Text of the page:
Harvest season last fall was almost two months of 14-hour work days for Pennsylvania farmer Rick Hissong. One day, about halfway through that period, he stopped his pickup truck at the top of a hill overlooking some of the 1,500 acres of Franklin County his family owns as part of Mercer Vu Farms.
He wanted to show me what has become a rare event.
Soon, a low growl joined the sound of his idling truck and a tractor appeared with a tank of liquid manure to spread as fertilizer across a field of recently cut corn stalks.
“We used to haul liquid up here four times a year, now we only do liquid one time a year,” Hissong said.
Mercer Vu’s fields are up to 16 miles from the headquarters and milking parlor of the dairy, Hissong explained, and hauling heavy liquid manure is expensive compared to lightweight dry fertilizer. Starting in 2002, when the farm built those headquarters, the Hissong family implemented a system of extracting water from the manure generated by roughly 1,500 cows, saving money and also reducing the farm’s carbon footprint.
“We’re really trying to keep the liquid close to home because of the expense of the haul, and we manage the solids by hauling those farther away,” Hissong said.
For the first part of the process, Mercer Vu turned to an unlikely source—a company that makes mining equipment—for a machine that removes most of the sand that is used as bedding for the cows, that gets mixed in with the manure when barns are flushed out with water.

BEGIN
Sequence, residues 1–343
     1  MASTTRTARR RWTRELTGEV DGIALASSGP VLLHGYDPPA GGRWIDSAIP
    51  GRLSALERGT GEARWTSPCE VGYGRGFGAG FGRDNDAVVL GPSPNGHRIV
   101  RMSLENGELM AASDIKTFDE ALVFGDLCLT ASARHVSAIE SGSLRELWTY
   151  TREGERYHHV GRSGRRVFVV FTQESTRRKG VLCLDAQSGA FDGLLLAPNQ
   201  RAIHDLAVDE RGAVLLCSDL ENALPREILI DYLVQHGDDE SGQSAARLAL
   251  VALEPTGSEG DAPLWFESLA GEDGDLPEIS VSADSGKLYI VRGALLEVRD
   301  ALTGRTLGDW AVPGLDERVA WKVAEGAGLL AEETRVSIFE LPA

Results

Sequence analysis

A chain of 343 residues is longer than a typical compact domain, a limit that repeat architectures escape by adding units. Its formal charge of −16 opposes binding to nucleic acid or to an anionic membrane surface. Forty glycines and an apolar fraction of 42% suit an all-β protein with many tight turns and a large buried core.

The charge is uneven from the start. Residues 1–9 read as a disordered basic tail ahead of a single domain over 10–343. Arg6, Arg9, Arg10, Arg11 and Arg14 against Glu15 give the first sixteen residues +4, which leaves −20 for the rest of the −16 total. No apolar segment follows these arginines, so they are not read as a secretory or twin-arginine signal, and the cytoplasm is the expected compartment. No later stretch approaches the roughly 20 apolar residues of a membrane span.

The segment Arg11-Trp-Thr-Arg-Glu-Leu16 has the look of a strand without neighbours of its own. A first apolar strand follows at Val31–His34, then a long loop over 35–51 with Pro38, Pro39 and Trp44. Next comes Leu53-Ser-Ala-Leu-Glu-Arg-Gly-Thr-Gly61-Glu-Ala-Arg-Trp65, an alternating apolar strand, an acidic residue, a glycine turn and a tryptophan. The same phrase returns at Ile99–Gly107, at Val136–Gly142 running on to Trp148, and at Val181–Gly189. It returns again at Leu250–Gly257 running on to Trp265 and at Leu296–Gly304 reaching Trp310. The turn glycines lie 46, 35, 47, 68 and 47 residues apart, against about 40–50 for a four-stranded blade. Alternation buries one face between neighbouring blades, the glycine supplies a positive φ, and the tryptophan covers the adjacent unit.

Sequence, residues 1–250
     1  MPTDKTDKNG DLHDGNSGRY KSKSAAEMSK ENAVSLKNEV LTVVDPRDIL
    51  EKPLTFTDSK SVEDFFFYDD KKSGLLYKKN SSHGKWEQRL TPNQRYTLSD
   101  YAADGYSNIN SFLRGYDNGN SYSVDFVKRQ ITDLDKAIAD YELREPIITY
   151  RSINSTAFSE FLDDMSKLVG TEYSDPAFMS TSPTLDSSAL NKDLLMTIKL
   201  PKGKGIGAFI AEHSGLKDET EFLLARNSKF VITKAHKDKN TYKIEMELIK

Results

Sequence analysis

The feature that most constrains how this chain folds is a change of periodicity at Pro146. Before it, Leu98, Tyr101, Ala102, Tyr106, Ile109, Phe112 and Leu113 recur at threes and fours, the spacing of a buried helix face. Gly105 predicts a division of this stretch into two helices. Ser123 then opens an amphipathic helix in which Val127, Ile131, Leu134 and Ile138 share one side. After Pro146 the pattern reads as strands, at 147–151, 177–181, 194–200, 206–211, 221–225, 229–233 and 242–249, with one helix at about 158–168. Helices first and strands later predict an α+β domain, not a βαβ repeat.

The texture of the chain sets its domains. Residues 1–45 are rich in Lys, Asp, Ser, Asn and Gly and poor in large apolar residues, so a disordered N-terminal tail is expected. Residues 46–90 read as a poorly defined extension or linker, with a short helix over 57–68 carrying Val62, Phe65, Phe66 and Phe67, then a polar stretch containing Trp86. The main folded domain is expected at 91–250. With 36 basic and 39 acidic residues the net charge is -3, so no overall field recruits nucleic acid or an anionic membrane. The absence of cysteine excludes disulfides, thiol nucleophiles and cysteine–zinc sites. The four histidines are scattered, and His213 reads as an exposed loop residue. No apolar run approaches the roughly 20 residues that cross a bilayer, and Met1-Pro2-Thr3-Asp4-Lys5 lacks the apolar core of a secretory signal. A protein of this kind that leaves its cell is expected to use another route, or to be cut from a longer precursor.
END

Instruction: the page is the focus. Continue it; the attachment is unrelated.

Then, a centrifuge known as a cyclone separator spins at high speeds to remove even more fine solid particles from the liquid. Those fine particles contain 40 percent of the manure’s phosphorus, a nutrient that is a major source of water pollution. The cyclone separator was implemented with support from an On-Farm Pilot Project grant from the Natural Resources Conservation Service (NRCS).
Ultimately, Hissong is left with three products he can reuse on his farm: sand, dry manure and liquid manure.
Almost all of the sand is reused as bedding for livestock. Mercer Vu composts the dry manure before using it, and in addition to being cheaper to transport to its fields, it is easier to precisely control the application of the dry, nutrient-rich fertilizer so that it doesn’t wash into nearby Conococheague Creek and pollute the Susquehanna River and the Chesapeake Bay.
The practice also cuts Mercer Vu’s use of fossil fuels from transportation by an estimated 3,500 tons of greenhouse gas emissions a year. In 2017, Mercer Vu earned an honorable mention from the Innovation Center for U.S. Dairy’s award for Outstanding Achievement in Resource Stewardship, as well as recognition from the Land O’Lakes SUSTAIN initiative.
In 2014, with another grant from the NRCS Environmental Quality Incentive Program (EQIP), Mercer Vu further reduced its climate impact by adding a plastic cover to its 7.8 million-gallon lagoon used to store the liquid manure following the separation process. Methane is flared off to convert it to carbon dioxide, which is less potent as a greenhouse gas. The cover also reduces the amount of nitrogen escaping into the air by 90 percent, lowering air pollution.